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Washington Post op-ed writer Charles Krauthammer attempted to alter the Republicans’ argument over the appointment of an Antonin Scalia replacement by, you guessed it, insisting the Democrats’ actions are just as bad, if not worse, than the Republicans. It should be no surprise that the argument he advances is lacking. Here we go:

In Year Seven of the George W. Bush administration, Sen. Chuck Schumer (D-N.Y.) publicly opposed filling any Supreme Court vacancy until Bush left office.

Krauthammer is not the only conservative (sorry, neoconservative) to bring this up, but the point is ultimately moot: in a 49-49 split senate with two independent senators, Alito was ultimately approved with the assistance of four Democrats, 58-42. So great, Schumer much later said Democrats should fervently oppose any possible Bush nom, but the chance never arose, so it’s not really comparable to McConnell, who opposes any possible Obama nom and actually has the senate numbers to do it.

Republicans, say the Democrats, owe the president deference. Elections have consequences and Obama won reelection in 2012.

Yes. And the Republicans won the Senate in 2014 — if anything, a more proximal assertion of popular will. And both have equal standing in appointing a Supreme Court justice.

Two things here Krauthammer seems confused about. The first is that he just lambasted Schumer for asserting that he and his fellow 48 Democratic senators would do all in their power to oppose any possible future Bush nom, even though, according to Krauthammer, their election to office is ‘a more proximal assertion of popular will’ than the election of the President. Second, there’s no logical reason Krauthammer should make such an assertion: Turnout for the 2004 Presidential election was ~57%, or approximately 121,000,000 votes. Only 58,000,000 voted in the senatorial race in 2006, 63,000,000 fewer voters than for the Presidency; a paltry 40.4% voter turnout.

The same is true of the 2012 Presidential election and subsequent 2014 senatorial race: 55% turnout for the Presidential (127,000,000 votes) vs. 36.6% turnout for the senatorial (45,000,000 votes). How exactly is that ‘a more proximal assertion of popular will’ if less than half the eligible voting populace fails to participate? It isn’t, unless Krauthammer is bold enough to claim non-participation is equatable to participation.

Minority Leader Harry Reid (D-Nev.) complains about the Senate violating precedent if it refuses a lame-duck nominee. This is rich. It is Reid who just two years ago overthrew all precedent by abolishing the filibuster for most judicial and high executive appointments. In the name of what grand constitutional principle did Reid resort to a parliamentary maneuver so precedent-shattering that it was called the “nuclear option”?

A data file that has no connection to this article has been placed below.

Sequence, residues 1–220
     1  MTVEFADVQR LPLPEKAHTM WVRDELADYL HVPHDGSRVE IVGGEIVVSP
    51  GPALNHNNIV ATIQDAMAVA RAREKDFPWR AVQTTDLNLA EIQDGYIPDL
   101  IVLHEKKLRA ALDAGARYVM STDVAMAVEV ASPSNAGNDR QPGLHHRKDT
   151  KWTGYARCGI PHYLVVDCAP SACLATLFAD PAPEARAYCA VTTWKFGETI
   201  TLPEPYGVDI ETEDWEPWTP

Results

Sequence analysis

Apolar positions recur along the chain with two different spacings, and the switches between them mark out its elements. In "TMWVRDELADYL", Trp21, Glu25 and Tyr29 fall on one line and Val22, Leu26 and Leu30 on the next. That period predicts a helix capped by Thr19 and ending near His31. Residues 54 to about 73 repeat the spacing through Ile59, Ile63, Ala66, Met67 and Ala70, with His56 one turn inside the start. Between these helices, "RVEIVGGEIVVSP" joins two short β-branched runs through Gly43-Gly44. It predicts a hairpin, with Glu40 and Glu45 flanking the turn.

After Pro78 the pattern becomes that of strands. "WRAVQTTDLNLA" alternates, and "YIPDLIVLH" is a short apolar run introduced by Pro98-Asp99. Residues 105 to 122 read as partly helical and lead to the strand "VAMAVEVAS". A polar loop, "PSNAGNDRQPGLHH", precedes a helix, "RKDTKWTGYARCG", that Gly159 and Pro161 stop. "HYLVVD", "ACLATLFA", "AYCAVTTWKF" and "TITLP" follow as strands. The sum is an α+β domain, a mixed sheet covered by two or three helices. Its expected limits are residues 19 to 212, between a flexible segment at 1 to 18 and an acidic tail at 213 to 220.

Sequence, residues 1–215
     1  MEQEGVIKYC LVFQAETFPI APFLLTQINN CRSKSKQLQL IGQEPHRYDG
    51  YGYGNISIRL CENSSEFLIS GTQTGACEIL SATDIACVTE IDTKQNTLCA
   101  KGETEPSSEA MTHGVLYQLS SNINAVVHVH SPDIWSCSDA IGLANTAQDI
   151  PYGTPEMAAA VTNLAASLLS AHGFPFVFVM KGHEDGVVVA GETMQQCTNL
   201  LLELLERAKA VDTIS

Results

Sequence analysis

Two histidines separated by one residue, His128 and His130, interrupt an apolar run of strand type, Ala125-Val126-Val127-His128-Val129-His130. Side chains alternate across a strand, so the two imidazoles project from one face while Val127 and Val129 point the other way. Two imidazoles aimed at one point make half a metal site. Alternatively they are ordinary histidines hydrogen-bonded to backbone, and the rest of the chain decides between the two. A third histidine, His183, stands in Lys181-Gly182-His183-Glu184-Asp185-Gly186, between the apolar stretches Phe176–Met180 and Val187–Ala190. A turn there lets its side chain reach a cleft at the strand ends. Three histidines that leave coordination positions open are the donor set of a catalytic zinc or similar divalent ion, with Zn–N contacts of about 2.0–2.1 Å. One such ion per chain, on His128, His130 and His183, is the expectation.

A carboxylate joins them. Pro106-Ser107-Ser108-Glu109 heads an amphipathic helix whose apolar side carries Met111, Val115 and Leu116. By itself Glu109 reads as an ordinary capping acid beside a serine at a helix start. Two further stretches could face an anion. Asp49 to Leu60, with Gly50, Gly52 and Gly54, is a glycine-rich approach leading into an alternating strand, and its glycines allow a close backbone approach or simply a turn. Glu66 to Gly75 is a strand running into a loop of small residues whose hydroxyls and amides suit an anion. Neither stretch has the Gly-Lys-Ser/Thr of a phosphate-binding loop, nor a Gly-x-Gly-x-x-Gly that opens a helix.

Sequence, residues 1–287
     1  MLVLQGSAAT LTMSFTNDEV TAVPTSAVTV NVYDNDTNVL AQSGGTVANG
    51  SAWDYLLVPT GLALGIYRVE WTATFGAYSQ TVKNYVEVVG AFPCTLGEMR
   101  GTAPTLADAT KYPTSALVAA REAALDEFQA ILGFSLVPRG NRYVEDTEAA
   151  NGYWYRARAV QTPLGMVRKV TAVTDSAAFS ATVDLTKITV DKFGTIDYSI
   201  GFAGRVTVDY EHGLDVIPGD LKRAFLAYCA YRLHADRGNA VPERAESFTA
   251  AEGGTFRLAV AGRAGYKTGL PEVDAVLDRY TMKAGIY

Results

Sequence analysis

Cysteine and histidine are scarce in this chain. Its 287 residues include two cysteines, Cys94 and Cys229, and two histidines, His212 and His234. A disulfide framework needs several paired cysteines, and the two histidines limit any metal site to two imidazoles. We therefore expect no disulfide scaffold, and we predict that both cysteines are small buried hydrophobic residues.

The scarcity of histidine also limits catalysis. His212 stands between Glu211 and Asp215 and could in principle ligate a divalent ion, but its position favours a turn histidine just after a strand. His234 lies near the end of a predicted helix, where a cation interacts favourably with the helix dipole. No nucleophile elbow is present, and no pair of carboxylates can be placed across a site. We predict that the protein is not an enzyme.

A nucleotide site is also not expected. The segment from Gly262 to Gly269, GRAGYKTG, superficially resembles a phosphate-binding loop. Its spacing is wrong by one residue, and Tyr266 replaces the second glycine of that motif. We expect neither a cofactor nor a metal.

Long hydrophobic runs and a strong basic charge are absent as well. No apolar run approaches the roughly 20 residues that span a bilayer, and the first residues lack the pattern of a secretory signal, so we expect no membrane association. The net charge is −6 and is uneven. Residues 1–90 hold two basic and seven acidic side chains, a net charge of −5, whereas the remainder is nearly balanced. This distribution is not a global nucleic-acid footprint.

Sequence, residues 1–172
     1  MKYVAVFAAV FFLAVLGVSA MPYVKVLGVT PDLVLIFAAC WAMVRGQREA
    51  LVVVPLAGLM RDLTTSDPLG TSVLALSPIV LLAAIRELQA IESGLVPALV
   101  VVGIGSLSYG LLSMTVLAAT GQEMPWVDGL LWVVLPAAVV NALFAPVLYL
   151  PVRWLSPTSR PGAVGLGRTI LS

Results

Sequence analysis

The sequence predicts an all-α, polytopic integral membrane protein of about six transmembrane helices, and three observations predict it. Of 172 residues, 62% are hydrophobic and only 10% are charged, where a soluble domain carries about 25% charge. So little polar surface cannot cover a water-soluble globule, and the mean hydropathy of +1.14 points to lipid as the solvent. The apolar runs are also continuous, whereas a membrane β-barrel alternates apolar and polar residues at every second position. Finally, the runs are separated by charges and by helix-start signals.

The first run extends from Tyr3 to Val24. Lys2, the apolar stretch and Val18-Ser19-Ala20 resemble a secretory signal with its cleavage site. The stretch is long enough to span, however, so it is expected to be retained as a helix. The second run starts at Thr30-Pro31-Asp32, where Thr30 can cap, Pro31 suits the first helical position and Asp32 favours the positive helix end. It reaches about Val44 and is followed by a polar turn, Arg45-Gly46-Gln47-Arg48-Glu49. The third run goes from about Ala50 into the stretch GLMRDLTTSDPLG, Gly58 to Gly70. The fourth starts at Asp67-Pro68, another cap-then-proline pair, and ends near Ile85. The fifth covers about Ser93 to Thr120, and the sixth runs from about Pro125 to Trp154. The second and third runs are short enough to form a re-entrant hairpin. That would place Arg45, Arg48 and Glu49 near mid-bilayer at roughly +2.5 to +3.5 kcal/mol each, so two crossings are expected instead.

Remember, Krauthammer has already admitted he believes saying you’re going to do something and actually doing it are the same. So Republicans are, by his own reasoning, equally culpable for the eventual use of the ‘nuclear option,’ because Bill Frist threatened to use it in 2005 when Democrats filibustered multiple Bush judicial appointees. But my guess, though, is that Krauthammer wants it both ways: Republicans are not guilty when they speak but don’t act (though Democrats are), and Republicans are equally guilty as Democrats when they act (though Democrats are more guilty when they act).

As I said, this is all about raw power. When the Democrats had it, they used it. The Republicans are today wholly justified in saying they will not allow this outgoing president to overturn the balance of the Supreme Court. The matter should be decided by the coming election. Does anyone doubt that Democrats would be saying exactly that if the circumstances were reversed?

The comparison Krauthammer wants to draw doesn’t exist. Despite Democrats’ efforts, there was a vote on Alito’s appointment, and he made it through. He’s on the bench. Republicans are saying Obama doesn’t have the right to even nominate someone. It’d be one thing if the Republicans said they’ll vote against any Obama nomination and draw the process out beyond the election until the new President is inaugurated, but that’s not what they’re doing. They’re arguing the President doesn’t have that power, period. And they’re wrong.